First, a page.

Tuesday, November 08, 2005

On the Importance of Old Books

CS Lewis once suggested that for every modern book one reads, one should read three old books. What an antiquarian and archaic point of view. The current destruction of traditional Western culture may indicate that modern society (this includes the convenient moniker of "post-modernism") is not following Lewis' suggestion. In fact, the elite doorkeepers of contemporary culture in the academy and the media are working overtime to accelerate the destruction of the cultural artifacts and monuments of Western Civilisation (note that I use the older spelling with "s" as opposed to "z"). Nowhere is this more apparent than in the so-called "AP English" courses in our contemporary high schools.

Now, there are different forms of destruction, some passive, some active. It would seem that our current high school teachers, filled with the latest fads from departments of education in our colleges and universities (my college is no exception) seems engaged in the destruction of Western literature, not so much by active means; who can realistically call for the destruction of Shakespeare as a cultural icon and whose work has been so clearly a part of the "canon" of the Western literary tradition for so long? No. Rather, the destruction of great literature, as literature, is occurring by passive means; namely, neglect. In Fargo there is, currently, controversy surrounding the teaching of a particular modern novel in an Advance Placement English class. Certain parents believe the novel to be too graphic and adult for high school students. Of course, the typical calls for censorship are flying and the parents in question are being branded as narrow bigots, etc. ad nauseum. Moreover, the educational experts assert that the novel in question makes an important contribution to the discussion of racial tensions in communities. A worthy topic for examination, to be sure.

My observation is simply this. Given CS Lewis' suggestion, is the particular class in question required to read an additional three "old" books, after reading a modern book? Since I don't know the answer to the question, I shall have to refrain from final judgement. My experience, however, suggests that such a formula for reading is not being followed, and that the majority of the traditional canon of Western literature is being neglected. Think of the implications. If an entire generation of young people are fed modern books with no reference to the great books of the past, there is no possibility for the preservation of cultural memory, and the neglect leads to the destruction of culture. The key word, much maligned and despised, is "tradition."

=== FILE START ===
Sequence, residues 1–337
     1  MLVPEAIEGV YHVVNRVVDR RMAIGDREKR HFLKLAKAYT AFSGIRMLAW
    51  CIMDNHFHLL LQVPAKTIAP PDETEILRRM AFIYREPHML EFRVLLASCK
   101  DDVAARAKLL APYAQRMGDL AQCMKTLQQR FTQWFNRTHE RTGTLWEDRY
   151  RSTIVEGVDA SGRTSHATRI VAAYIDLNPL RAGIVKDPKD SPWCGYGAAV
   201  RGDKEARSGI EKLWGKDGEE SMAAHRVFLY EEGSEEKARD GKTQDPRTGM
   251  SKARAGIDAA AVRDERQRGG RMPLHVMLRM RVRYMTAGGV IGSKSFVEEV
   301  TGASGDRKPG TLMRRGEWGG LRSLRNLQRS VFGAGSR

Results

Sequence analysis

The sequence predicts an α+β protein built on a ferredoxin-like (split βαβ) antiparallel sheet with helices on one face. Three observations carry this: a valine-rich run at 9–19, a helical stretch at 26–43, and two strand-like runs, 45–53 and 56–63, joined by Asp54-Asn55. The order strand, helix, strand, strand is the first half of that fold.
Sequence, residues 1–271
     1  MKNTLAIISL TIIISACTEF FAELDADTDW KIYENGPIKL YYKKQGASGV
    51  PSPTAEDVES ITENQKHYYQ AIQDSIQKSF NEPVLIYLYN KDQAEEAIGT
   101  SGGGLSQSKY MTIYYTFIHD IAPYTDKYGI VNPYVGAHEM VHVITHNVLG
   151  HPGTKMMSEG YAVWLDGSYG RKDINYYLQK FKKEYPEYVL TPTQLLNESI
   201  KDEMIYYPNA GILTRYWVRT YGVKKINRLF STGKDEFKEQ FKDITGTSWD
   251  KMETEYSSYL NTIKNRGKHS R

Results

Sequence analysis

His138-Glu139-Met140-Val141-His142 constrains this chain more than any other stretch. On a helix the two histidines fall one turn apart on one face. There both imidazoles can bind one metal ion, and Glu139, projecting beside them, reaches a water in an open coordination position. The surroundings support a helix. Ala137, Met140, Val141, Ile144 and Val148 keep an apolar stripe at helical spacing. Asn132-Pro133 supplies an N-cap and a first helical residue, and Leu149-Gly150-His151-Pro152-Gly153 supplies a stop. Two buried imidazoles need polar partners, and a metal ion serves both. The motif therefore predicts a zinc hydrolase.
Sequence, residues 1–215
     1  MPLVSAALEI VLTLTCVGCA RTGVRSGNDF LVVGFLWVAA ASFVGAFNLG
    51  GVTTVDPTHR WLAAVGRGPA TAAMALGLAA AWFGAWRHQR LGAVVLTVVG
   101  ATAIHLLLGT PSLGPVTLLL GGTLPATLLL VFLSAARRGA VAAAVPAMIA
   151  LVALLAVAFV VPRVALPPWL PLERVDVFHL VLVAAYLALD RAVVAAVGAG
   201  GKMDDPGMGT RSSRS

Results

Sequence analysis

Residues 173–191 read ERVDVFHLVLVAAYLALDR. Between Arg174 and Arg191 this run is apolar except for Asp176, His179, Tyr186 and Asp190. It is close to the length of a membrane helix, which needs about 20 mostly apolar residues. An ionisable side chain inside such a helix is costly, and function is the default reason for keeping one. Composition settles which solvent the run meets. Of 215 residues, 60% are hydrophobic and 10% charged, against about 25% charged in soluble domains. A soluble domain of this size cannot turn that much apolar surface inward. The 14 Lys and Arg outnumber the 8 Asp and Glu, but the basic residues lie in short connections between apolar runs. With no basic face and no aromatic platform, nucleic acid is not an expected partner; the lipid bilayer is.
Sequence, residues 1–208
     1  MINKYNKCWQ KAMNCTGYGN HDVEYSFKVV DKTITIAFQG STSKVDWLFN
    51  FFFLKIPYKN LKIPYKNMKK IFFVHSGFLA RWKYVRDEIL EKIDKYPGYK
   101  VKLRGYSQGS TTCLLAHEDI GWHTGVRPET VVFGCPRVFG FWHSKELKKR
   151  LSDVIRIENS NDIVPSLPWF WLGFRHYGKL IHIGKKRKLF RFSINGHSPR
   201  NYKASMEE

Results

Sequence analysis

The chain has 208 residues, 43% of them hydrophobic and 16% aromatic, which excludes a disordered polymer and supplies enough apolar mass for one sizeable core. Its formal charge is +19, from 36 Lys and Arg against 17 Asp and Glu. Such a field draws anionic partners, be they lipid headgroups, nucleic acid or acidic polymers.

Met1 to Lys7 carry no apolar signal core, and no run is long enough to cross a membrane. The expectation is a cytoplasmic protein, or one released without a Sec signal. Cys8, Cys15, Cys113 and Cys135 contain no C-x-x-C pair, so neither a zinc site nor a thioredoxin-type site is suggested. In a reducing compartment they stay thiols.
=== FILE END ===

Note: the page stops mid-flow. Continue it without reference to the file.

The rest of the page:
I spoke with a very bright and intelligent student about her experience in high school regarding literature. She had not heard of the Old English epic poem Beowulf. She had, however, attended a high school whose curriculum was centered on "environmental studies." I am sorry for her, not because she isn't curious, bright, or motivated to learn; she demonstrates that to me each week in my work with her as a teacher. Rather, I am sorry that she has been fed a curriculum based upon a sociological paradigm that is extraordinarily fragile and thin, namely that the most important knowledge gained by a student is not that which enhances, enriches, and expands the life of the mind in appreciation of that which is good, true, and beautiful (there's that "old" Platonic idea again), but that such a student should be given knowledge that is going to help her think and act a particular way in modern society. If this is not indoctrination, then the word has no meaning. To base a high school curriculum on specific desired sociological paradigms, which change so drastically from decade to decade, seems the heighth of imprudence and foolishness. Of course, this student may discover for herself that she has been lied to, and in so doing, will be saved from supporting the cycle of fads and lies that often accompany new curricula. Perhaps she will yet encounter the delight, and eucatastrophic and numinous sense that Beowulf, Shakespeare, Milton, and company create in their readers. Once bitten, she, like all students thus bitten, will never be the same. One can only hope.